Experimental Results


A 1.6L DaimlerChrysler S.I. engine has been set up to study the convective boiling heat transfer in the engine cooling system. Ten K-type thermocouples were installed in the metal between the gas chamber and the coolant channel at the exhaust-exhaust valve bridges (hot spots) in the cylinder head.  The experimental data have been taken along with variations of RPM, coolant temperatures and system pressures. Throughout the data reduction, the thermal conductivity of 113 W/m.K for the aluminum cast of the cylinder head, which was given by DaimlerChrysler, has been used. Valvoline G-05 Antifreeze coolant has been used as coolant throughout the experiments. The vapor pressure curve of the G-05 coolant was compared to the ethylene-glycol/water 50/50% volume within approximately 2% discrepancy according to the property data provided by the Valvoline Co..


Thermocouple locations in Cylinders 1 and 4 at exhaust-exhaust valve bridge.
Thermocouple locations in Cylinders 2 and 3 at exhaust-exhaust valve bridge.
Data 20020918 (2000 RPM. 3000 RPM, and 5600 RPM) Metal temperatures Throttle position Torque and horsepower Coolant Pressure Volume flow rate Exhaust gas temperatures Coolant Temperature Extrapolated coolant wall temperature Estimated Heat flux Estimated convection heat transfer coefficient Extrapolated gas face temperature Temperature versus distance from gas face to coolant wall at exh-exh. valve bridge for cylinder 3 Gas face, metal, and coolant wall temperatures for cylinder 3 Effect of pressure on coolant wall temperature at exh.-exh. valve bridge for 5600 RPM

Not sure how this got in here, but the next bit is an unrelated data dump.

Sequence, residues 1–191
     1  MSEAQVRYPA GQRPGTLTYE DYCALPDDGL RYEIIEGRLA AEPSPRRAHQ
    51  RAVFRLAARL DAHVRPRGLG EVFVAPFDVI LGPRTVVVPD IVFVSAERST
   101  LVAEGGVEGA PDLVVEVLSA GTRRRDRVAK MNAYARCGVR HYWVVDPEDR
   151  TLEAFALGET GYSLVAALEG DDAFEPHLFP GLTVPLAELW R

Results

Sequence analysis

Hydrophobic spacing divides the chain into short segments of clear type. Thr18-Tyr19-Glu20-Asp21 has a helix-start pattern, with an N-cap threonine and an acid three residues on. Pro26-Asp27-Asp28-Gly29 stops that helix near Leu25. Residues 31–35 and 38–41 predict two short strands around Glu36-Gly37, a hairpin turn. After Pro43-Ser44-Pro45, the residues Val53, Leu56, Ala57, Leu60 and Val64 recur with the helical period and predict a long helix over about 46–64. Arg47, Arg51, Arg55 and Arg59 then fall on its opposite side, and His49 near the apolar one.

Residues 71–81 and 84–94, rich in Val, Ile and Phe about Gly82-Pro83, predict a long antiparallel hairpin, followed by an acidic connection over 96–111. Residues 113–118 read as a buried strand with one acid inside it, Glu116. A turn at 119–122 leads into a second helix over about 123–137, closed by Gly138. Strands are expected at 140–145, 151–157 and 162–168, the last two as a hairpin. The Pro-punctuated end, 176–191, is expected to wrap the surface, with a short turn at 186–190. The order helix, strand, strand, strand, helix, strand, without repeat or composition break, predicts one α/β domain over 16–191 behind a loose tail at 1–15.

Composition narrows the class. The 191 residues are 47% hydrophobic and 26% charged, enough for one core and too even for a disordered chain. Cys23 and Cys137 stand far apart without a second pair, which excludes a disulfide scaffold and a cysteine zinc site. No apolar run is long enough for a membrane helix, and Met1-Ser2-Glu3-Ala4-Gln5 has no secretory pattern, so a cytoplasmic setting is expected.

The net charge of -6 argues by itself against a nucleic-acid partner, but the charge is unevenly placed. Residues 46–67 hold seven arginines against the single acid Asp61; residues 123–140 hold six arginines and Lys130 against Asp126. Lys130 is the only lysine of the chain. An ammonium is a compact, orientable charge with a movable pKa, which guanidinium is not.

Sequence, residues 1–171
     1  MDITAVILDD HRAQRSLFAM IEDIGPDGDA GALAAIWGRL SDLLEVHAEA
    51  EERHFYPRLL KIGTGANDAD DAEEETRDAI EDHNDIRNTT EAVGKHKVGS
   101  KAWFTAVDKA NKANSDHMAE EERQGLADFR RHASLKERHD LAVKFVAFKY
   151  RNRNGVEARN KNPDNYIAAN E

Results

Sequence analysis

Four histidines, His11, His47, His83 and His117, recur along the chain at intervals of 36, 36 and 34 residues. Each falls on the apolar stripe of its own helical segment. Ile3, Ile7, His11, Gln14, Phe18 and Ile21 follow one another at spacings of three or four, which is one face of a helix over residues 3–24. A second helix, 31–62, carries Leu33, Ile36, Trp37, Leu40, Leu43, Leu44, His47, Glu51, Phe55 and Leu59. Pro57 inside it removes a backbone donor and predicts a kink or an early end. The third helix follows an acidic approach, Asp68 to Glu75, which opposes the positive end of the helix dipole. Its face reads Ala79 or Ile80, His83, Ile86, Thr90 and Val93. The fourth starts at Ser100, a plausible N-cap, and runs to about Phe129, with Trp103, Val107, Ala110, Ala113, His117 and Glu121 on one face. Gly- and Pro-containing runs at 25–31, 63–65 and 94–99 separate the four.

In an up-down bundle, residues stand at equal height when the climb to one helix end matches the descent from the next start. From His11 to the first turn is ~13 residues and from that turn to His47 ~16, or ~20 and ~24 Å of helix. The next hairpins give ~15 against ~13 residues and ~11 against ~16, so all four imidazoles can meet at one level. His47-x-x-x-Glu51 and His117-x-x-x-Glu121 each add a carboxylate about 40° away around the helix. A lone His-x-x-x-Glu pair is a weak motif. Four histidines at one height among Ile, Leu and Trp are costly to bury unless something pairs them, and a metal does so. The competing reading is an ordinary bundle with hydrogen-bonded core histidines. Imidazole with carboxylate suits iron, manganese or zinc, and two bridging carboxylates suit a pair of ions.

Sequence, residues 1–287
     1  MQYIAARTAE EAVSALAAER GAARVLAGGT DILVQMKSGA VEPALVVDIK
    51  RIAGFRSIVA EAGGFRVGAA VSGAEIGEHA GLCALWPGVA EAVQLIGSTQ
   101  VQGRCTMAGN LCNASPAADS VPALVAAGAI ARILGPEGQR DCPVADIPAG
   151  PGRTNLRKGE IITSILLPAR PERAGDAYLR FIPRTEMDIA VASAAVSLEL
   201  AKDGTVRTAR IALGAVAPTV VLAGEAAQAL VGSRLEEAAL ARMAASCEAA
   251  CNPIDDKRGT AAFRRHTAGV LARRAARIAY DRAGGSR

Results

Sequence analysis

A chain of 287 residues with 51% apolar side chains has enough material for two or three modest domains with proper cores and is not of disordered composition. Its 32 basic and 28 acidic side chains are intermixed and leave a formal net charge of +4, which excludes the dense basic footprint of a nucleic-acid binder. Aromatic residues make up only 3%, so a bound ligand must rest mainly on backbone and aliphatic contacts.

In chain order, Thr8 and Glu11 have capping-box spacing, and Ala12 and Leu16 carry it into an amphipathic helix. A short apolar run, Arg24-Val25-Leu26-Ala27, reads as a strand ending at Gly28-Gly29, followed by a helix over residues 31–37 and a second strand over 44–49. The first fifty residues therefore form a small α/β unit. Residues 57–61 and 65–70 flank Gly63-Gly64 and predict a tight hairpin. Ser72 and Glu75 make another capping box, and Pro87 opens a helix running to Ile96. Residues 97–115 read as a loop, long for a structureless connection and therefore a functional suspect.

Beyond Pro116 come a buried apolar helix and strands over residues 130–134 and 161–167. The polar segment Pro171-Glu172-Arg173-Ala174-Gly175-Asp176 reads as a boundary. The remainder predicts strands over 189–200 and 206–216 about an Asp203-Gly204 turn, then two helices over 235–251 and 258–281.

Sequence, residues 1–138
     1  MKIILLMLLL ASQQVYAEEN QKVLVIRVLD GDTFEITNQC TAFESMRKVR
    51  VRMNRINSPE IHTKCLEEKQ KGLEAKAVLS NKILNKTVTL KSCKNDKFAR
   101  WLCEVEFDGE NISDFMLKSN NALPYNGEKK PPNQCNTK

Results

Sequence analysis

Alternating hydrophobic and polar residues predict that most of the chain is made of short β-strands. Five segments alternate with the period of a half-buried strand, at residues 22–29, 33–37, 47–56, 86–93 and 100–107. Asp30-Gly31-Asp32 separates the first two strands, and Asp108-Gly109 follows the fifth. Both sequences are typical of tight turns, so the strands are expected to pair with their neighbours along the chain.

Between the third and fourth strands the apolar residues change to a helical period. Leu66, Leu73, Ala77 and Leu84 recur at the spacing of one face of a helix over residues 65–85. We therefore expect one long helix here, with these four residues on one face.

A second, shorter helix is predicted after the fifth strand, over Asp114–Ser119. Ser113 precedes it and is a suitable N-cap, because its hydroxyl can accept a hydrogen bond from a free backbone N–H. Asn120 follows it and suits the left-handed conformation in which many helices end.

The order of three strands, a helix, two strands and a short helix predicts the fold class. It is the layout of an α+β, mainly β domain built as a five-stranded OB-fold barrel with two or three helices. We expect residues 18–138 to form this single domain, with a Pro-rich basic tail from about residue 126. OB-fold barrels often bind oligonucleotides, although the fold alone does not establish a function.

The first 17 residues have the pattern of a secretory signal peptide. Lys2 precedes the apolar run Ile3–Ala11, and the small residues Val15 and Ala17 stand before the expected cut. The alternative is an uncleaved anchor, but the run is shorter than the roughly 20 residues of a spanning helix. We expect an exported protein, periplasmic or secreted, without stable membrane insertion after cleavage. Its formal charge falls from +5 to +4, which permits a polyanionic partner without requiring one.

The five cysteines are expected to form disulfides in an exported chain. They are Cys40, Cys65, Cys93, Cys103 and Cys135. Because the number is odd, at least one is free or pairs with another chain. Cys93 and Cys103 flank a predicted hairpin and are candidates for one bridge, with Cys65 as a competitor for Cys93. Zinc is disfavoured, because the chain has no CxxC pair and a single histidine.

Unsolved problem Pressure was intentionally dropped from 41 psig to 11 psig of engine inlet during steady running for three engine speeds, 2000, 3000, and 5600 RPM. It is noticed that the coolant flow rate at 5600 RPM accordingly dropped consistently from 35 gpm to 25 gpm, while no drops were detected for both 2000 RPM and 3000 RPM. It is believed that the drop of coolant flow rate at such a high engine speed might be associated with cavitations (bubble formation and collapse) in water pump impeller due to the pressure drop causing a decrease in saturation temperature. This phenomenon is under investigation.

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Mechanical and Aerospace Engineering

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